The Contract Research Organization (CRO) industry in Shanghai, Suzhou, and Beijing has seen significant growth in the past few years, benefiting from R&D cost cutting in Western countries and the flow of Western-trained researchers back into China. The focus of the CRO business also shifted from chemical synthesis towards one-stop service, including functional screening and animal testing. The clarification of the RNAi patent landscape by the current granting should make the relevant CRO applications of RNAi more mature. It should also provide both the service and the customer companies with a clear route to licensing and/or collaboration.

Most major biomedical research tool and reagent companies have established themselves in the Chinese market and seen fast-growing revenues due to large funding increases to biomedical research in China. For example, Life Technologies, Promega, Millipore, Thermo Scientific, and Sigma-Aldrich all sell RNAi kits that use DNA template for expressing shRNA in mammalian cells, either by viral infection or DNA transfection. In addition, there are many local companies in China that provide reagent kits as well as services.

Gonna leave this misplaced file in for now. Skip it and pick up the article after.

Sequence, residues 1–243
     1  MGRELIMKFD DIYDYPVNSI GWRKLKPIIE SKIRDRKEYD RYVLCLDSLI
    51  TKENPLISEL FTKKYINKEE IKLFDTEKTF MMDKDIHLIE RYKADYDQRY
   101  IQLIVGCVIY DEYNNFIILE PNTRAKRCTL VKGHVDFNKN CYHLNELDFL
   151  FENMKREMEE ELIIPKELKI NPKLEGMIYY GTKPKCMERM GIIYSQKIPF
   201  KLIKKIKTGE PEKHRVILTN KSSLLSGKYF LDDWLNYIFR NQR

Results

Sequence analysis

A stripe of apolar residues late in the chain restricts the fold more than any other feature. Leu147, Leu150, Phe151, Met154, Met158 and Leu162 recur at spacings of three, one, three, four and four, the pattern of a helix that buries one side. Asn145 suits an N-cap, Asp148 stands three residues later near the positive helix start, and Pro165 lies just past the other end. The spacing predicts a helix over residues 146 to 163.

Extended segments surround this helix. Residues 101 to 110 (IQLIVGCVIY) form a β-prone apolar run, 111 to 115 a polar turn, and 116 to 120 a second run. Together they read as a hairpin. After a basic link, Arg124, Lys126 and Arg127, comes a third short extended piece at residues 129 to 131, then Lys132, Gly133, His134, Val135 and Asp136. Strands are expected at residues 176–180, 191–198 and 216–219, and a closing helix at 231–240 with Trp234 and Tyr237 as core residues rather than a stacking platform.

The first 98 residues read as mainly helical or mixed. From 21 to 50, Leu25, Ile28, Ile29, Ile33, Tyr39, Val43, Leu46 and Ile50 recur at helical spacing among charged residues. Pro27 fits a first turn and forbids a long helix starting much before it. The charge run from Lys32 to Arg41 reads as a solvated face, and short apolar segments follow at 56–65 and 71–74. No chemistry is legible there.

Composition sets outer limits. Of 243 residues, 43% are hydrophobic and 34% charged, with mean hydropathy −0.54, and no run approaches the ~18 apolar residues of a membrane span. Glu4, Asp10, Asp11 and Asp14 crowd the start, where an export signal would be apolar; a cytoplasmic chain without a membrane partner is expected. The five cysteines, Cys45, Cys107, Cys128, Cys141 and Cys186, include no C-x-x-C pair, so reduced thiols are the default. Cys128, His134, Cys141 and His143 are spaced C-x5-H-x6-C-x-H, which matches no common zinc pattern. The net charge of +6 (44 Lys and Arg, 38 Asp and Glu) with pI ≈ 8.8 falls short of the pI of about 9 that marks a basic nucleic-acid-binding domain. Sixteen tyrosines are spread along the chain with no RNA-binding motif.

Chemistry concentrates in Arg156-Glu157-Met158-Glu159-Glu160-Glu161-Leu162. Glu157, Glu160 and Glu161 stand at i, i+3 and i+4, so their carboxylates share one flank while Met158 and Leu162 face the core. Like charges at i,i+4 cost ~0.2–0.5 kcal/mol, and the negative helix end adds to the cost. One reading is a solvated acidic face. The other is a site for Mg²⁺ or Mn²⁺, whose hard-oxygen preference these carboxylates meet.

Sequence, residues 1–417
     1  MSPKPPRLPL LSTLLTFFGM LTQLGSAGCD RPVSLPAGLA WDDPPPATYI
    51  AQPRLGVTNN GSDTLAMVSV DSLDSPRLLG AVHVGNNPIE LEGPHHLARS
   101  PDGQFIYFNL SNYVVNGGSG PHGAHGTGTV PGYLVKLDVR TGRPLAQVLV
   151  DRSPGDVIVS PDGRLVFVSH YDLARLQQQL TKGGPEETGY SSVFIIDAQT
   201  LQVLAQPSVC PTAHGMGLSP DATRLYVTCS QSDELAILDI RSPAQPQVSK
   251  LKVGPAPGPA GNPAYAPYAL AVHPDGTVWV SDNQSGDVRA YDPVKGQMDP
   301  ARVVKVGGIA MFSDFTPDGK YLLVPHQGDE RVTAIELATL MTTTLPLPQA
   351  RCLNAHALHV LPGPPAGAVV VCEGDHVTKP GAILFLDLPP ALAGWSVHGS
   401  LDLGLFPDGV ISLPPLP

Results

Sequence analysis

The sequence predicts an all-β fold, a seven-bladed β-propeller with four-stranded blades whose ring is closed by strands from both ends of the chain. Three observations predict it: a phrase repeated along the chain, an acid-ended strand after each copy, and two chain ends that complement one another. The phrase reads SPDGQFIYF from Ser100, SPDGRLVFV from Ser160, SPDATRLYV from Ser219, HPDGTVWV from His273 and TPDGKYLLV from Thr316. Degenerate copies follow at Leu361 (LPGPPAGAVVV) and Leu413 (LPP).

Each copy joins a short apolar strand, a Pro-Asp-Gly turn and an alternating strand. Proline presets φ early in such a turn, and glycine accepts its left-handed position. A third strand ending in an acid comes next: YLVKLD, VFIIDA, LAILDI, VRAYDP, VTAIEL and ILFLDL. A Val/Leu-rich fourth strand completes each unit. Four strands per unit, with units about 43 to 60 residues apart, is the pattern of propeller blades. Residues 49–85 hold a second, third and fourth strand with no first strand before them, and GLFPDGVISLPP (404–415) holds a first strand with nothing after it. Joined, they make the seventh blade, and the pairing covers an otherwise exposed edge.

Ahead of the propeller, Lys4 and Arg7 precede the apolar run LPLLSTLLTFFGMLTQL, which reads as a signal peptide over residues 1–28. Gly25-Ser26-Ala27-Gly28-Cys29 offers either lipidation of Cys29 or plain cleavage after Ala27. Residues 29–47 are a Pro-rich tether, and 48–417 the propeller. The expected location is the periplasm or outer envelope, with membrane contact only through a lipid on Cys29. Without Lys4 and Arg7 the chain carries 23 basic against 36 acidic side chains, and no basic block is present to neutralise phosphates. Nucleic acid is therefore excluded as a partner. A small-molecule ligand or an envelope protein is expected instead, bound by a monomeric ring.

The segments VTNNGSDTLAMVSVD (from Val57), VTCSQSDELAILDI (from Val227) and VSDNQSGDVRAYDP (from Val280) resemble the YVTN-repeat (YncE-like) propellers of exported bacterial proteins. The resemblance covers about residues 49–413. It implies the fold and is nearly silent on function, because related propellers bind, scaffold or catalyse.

The Allele patent specifically states claims on reagent kits that contain shRNA-encoding DNA molecules. While being the first in China’s RNAi market, Allele Biotech manufactures in the United States and sells world-wide a set of RNAi kits in the form of retroviral or lentiviral vectors, plasmids, and linear DNA—all of which have superior design for precise shRNA production. As a matter of fact, Allele Biotech helped introduce the RNAi concept through a series of workshops in major universities in China for 3 consecutive years since 2002, at a time when most biologists had just heard of RNAi.